If you are prone to procrastination, learn ways to manage this behavior. Most professionals recommend that anyone prone to procrastination keep a week-long log of how you spend your time – every minute of it! Then decide how you can better manage your time, by setting difficult goals that you can still achieve, and by managing your time better. From your weekly log, identify all that “dead time” you spend each week. Might it be more productive to use some of that unscheduled time in scheduled activities? Set daily goals every morning. Use an electronic – or even a paper – list on which you can mark off each daily goal. Remember, procrastination is an activity that tends to increase, not dampen, one’s anxiety!
Keep in contact
University isn’t like high school – most instructors don’t take roll daily, and your parents won’t get a robocall from the school letting them know that you skipped a class. Freedom is a hallmark of university life. With this freedom comes responsibility. Be sure to let your instructors know if you need to miss a class and have an excused absence. If you’re having academic trouble in a class, go to see the professor during office hours! One of the duties of every professor is to help their students learn the material – so if you need help, please just ask! The Learning Assistance Center provides a range of services to improve student success and to help you achieve your goals. There are other centers to help certain students: athletes, first-generation college students, disabled students, veterans, and others. Any student enrolled in a lower-division history course, and all history majors, are welcome to utilize the History Graduate Writing Tutors program. We’ve invested in this program to help students become better writers, and thus, more successful students in the discipline.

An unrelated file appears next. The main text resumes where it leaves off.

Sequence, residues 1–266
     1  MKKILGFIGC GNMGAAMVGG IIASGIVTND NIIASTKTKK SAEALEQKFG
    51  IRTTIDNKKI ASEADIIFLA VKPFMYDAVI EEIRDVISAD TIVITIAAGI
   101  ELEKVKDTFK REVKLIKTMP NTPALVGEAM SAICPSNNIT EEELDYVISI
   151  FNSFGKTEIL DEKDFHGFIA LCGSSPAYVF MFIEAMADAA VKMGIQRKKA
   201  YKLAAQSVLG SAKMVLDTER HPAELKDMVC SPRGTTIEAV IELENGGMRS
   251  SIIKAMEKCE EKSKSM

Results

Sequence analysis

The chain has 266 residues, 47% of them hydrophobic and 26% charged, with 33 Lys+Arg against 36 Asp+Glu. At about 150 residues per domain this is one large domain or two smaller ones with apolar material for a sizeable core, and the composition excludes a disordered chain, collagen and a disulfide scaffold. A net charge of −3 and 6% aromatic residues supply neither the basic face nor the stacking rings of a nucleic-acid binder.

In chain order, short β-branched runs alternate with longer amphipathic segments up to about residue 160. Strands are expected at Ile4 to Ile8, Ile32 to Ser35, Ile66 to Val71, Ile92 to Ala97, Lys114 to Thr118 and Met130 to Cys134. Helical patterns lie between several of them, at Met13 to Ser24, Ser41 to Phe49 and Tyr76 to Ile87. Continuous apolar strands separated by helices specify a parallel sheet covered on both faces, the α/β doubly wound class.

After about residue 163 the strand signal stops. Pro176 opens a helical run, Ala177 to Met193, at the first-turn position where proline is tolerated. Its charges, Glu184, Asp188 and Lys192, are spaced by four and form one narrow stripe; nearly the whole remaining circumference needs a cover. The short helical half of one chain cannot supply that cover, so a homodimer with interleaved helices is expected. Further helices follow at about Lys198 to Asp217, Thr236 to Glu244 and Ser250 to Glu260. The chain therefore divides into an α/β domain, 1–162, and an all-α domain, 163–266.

Be aware of university academic policies